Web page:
Toy Story - Y Magazine
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Toy Story

After creating his toy Tobbles, toy inventor Anthony A. Morley (BFA ’78) of Stillwater, Minn., didn’t think there was anything special about the stacking toy. “It just felt like a normal toy that would be rejected like most toy ideas,” he 4830says. In fact, the award-nominated Tobbles was rejected twice before it got picked up by Fat Brain Toy Co.

Made of colorful concave spheres that balance on top of each other, Tobbles was one of seven finalists for the Toy Industry Association’s 2012 Toy of the Year Award for specialty toys. Tobbles Neo, a variation of Tobbles with scalloped edges, won the American Specialty Toy Retailing Association’s 2012 Best Toys for Kids award in the Early Play category.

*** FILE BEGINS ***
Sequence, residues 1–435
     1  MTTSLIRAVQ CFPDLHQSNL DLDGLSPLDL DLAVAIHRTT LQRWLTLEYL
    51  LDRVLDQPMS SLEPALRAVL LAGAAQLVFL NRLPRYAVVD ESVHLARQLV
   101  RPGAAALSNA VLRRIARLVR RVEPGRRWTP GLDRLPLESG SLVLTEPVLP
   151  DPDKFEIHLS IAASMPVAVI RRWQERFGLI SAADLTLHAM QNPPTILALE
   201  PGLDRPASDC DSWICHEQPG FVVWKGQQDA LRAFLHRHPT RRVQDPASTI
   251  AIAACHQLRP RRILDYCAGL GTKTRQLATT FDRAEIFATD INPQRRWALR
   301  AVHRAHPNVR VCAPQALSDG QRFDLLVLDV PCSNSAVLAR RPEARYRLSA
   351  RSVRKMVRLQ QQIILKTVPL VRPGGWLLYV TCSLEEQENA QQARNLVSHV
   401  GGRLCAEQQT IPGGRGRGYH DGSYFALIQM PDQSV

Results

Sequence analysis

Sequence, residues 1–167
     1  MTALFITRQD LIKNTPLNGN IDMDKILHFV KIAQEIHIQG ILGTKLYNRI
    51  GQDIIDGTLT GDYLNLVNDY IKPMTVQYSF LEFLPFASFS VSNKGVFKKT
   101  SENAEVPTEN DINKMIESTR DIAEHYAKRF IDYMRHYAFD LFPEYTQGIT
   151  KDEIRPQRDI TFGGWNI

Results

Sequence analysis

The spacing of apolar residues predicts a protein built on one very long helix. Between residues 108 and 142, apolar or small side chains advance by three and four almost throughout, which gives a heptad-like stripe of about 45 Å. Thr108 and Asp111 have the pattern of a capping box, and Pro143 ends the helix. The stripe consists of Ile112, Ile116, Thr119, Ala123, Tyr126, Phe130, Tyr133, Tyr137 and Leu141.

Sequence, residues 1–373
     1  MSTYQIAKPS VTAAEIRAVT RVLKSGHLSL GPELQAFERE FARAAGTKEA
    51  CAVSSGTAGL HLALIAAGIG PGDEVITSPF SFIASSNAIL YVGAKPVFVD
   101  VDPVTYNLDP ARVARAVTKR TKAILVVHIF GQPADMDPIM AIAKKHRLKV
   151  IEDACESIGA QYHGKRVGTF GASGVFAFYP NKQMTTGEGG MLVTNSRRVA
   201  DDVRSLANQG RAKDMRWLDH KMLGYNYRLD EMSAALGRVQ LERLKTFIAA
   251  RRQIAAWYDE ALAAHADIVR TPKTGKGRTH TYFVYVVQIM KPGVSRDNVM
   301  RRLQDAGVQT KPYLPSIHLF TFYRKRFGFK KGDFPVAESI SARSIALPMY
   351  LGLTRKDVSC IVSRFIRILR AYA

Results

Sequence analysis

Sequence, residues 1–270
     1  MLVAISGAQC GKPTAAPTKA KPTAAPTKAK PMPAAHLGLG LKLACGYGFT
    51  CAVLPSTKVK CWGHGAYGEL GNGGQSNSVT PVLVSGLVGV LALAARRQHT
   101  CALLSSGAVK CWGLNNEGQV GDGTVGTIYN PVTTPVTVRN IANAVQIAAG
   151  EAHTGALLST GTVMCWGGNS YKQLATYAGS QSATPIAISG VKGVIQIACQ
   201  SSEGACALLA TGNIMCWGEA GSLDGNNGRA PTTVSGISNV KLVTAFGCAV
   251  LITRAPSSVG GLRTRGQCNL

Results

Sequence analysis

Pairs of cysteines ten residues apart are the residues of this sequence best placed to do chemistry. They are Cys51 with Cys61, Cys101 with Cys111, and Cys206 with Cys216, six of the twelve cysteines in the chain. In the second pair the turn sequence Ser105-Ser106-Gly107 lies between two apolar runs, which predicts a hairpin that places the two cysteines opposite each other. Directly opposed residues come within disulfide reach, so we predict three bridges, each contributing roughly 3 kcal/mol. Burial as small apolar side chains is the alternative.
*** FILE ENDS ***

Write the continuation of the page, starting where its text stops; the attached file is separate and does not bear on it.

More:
Even with the success of Tobbles and Morley’s past toys, life as a full-time freelance toy inventor isn’t always easy, says Morley. He and his wife, Taia, an illustrator who also designs toys, have beaten the odds in making a living off of toys. “I would not recommend anybody plan on becoming a toy inventor because it’s so unpredictable, [with] high risk and high rejection,” he says. “But it can be very rewarding, and it’s been very rewarding for us.”